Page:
North Carolina official ousted after not referring to black resident by her preferred title
City Council members in Greensboro, North Carolina, voted to remove a member of their zoning commission after an exchange he had with a woman who preferred to be called “Dr.”
“It was a very disrespectful exchange between an important commissioner and a public citizen,” said City Councilwoman Sharon Hightower, who called for the vote of removal. “That should never happen.”
The exchange started with resident Carrie Rosario addressing the zoning commission with concerns regarding a new development project near her home that she says was “approved with little to no information” after she had moved to the area.
Rosario, who has a doctorate in public health, was referred to as “Miss Rosario” by the commission’s chairman without objection when he first introduced her.
Upon introducing herself, Rosario said, “My name is Dr. Carrie Rosario.” She spent about 13 minutes explaining her concerns regarding traffic patterns and safe sidewalks for her family members due to the additional residents being added by the new development.
Zoning board member Tony Collins responded, saying the discussion had veered off course. “I think that we’ve kind of lost our way on what we’re talking about here. We’re here to approve the standards that have been presented. If Mrs. Rosario has something about one of those…” He said before being interrupted by Rosario.
“It’s Dr. Rosario, thank you Sir.” she said quickly.
Collins began where he left off before being interrupted, again referring to her as Mrs. Rosario.
She interrupted him again to say “Dr. Rosario” while shaking her head and smiling. Collins then says “Well, you know, I’m sorry. You’re name says Carrie Rosario, Hey Carrie.”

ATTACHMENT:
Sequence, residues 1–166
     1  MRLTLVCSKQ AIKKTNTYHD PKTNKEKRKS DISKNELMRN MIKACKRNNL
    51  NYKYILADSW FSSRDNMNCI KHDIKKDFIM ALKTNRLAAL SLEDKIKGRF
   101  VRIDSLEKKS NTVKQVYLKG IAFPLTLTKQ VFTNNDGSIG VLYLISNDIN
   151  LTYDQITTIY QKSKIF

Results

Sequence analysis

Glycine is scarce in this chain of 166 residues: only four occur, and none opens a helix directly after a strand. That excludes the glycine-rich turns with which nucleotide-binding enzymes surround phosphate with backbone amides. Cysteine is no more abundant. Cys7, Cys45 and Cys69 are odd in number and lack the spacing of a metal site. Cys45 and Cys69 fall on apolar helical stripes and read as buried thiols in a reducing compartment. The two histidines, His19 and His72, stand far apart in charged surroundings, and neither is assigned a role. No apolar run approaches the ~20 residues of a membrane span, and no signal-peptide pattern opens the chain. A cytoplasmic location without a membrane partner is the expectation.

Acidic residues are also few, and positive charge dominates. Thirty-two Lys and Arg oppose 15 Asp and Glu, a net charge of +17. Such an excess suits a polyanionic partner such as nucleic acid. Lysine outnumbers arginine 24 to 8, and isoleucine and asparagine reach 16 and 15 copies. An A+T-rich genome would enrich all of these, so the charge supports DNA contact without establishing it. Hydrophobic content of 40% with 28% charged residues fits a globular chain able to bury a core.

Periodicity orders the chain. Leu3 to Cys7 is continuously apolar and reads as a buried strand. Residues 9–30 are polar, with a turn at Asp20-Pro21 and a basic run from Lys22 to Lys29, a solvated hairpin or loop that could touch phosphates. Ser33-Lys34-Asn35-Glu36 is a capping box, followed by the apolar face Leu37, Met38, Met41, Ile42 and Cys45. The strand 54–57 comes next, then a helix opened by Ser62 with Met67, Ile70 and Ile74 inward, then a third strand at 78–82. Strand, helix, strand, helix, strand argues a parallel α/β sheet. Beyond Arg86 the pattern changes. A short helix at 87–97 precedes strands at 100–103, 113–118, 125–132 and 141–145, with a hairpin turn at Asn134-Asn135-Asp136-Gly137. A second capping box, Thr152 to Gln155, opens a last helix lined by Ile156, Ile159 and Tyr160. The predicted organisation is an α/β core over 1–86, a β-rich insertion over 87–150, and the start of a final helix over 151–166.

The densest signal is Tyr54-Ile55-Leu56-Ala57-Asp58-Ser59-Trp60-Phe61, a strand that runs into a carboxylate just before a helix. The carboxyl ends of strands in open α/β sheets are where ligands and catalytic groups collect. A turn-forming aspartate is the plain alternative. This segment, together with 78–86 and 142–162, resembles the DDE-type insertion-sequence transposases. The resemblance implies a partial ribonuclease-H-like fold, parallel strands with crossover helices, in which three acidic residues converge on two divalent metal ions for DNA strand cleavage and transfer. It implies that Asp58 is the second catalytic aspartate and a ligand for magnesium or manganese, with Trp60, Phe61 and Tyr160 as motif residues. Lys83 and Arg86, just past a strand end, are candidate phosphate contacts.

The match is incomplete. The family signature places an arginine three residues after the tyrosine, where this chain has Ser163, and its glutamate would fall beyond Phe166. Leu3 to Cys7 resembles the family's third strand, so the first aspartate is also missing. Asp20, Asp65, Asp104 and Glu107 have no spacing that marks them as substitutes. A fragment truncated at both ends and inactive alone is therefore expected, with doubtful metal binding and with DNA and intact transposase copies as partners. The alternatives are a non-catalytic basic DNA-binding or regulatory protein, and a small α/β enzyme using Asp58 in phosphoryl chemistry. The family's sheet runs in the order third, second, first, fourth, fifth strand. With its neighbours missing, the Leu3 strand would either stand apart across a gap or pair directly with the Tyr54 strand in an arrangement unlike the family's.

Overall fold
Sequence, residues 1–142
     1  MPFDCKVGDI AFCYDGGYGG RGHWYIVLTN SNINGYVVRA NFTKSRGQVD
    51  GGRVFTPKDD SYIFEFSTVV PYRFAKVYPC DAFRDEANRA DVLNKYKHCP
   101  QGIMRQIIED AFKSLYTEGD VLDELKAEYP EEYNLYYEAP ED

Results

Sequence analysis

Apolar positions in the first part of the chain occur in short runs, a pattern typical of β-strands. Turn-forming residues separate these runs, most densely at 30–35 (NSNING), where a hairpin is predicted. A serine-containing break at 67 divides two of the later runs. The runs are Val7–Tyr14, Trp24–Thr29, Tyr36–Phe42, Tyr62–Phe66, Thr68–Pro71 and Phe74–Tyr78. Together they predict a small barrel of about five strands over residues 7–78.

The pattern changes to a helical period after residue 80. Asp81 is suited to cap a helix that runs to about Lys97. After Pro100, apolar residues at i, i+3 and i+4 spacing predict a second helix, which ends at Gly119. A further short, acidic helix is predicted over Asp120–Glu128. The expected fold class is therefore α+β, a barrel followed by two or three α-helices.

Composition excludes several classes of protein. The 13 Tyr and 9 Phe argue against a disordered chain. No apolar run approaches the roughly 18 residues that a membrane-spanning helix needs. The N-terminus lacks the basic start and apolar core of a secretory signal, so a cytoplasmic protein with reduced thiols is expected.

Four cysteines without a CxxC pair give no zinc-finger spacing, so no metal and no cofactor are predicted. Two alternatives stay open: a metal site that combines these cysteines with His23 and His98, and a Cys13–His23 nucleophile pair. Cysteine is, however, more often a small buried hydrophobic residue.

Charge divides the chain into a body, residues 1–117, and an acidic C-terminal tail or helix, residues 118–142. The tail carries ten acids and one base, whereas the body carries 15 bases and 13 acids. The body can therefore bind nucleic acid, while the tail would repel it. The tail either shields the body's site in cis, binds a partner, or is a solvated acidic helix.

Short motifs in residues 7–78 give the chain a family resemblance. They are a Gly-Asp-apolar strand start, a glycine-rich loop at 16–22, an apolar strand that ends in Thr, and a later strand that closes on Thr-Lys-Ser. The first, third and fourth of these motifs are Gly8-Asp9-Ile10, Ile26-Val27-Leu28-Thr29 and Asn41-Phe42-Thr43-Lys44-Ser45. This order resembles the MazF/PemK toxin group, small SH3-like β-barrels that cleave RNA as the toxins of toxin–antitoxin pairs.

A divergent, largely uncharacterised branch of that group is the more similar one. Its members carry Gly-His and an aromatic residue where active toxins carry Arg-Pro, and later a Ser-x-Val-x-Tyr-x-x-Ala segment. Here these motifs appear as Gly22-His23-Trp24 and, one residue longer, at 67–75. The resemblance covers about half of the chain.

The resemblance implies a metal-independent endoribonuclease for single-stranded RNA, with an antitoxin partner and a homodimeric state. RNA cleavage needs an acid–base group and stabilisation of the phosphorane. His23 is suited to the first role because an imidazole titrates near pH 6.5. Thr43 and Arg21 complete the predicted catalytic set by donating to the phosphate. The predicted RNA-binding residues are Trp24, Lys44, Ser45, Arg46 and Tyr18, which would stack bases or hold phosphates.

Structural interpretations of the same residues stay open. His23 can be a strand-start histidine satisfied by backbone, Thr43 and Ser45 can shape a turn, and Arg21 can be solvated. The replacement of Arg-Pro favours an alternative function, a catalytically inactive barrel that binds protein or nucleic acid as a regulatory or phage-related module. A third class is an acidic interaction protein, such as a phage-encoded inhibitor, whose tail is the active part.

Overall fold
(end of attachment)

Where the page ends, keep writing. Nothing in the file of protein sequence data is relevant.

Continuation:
“It’s Dr. Rosario” she says again. “I would call you Tony, so please sir, uh, call me as I would like to be called. That’s how I identify.”
“It doesn’t really matter, we’re here to talk about,” Collins replies before Rosario interrupts.
“It matters to me. And out of respect I would like you to call me by the name that I’m asking you to call me by, thank you,” she says.
“Your screen says Carrie Rosario,” Collins says in return.
“I’m verbalizing my name is Dr. Carrie Rosario. And it really speaks very negatively of you as a commissioner to be disrespectful.”
“I’m not trying to be disrespectful but you’re negotiating something that happened four years ago. We’ve taken on this function so this is not a zoning function this is a planning function and Mr. Chairman I think that if there’s something that she has something specific in these standards, let’s hear what it is.”
City Councilwoman Sharon Hightower told local media that she believes Collins was using his “white privilege” by not referring to Rosario as “Dr.”
“It is not going to be tolerated,” she said. “As a Black female, I am not going to see another Black female treated in this manner,” Hightower said.
“I tried to give him the benefit of the doubt at first and corrected him, but as the exchange unfolded, it was clear that he was intent on disrespecting me,” she said. “I was hurt, upset, angry — because this was a public forum — and the public should feel safe to be themselves, to present their concerns, and feel respected in the process,” Rosario said in an interview with local media after the exchange took place.
“I would love to say that people don’t operate off of appearances, but that has not been my experience,” Rosario said. “Black women, regardless of level of education, are consistently dismissed and overlooked or judged in our society.”
Rosario says she felt that “systemic racism” is what made her feel like she had “to use my title in the first place,” and also why she came well-prepared for her presentation “so as not to appear to be the stereotyped “angry Black woman.”
“I cannot judge what is in Mr. Collins’ heart, nor would I presume to, but I will say that racism as a system devalues and dismisses Black women — and Mr. Collins’ actions were evidence of the microaggressions that we face on a regular basis just trying to go about our daily lives,” Rosario added.
Watch the exchange here: